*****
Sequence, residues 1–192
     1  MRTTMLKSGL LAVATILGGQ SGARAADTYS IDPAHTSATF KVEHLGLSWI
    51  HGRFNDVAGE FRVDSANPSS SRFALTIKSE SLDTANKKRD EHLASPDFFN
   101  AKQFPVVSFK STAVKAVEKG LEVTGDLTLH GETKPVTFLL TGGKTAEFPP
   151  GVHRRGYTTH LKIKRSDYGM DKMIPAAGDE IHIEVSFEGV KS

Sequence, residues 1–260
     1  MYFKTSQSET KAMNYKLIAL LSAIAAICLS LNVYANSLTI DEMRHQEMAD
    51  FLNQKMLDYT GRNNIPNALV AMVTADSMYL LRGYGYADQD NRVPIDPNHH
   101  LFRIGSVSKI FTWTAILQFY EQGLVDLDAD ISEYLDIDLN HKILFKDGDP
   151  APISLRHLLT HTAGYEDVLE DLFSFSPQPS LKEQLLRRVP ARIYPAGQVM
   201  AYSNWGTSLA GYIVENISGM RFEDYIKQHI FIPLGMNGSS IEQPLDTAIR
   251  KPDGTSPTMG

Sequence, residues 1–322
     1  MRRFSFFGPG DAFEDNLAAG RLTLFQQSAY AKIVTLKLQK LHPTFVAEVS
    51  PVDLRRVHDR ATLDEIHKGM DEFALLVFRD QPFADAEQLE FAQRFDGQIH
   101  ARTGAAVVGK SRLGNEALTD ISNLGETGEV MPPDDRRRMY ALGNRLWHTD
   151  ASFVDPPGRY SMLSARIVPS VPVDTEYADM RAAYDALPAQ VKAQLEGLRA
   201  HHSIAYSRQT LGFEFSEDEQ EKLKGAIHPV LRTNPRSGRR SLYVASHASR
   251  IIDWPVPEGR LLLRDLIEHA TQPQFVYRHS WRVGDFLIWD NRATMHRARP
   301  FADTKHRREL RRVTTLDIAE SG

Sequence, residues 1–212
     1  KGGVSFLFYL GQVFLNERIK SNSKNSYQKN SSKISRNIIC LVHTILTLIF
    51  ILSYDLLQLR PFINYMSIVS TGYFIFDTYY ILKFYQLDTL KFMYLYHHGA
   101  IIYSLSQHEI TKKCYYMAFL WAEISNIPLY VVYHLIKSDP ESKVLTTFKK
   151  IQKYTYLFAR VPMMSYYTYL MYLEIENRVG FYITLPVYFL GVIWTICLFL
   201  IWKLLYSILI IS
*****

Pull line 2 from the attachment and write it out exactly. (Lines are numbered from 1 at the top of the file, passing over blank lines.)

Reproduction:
     1  MRTTMLKSGL LAVATILGGQ SGARAADTYS IDPAHTSATF KVEHLGLSWI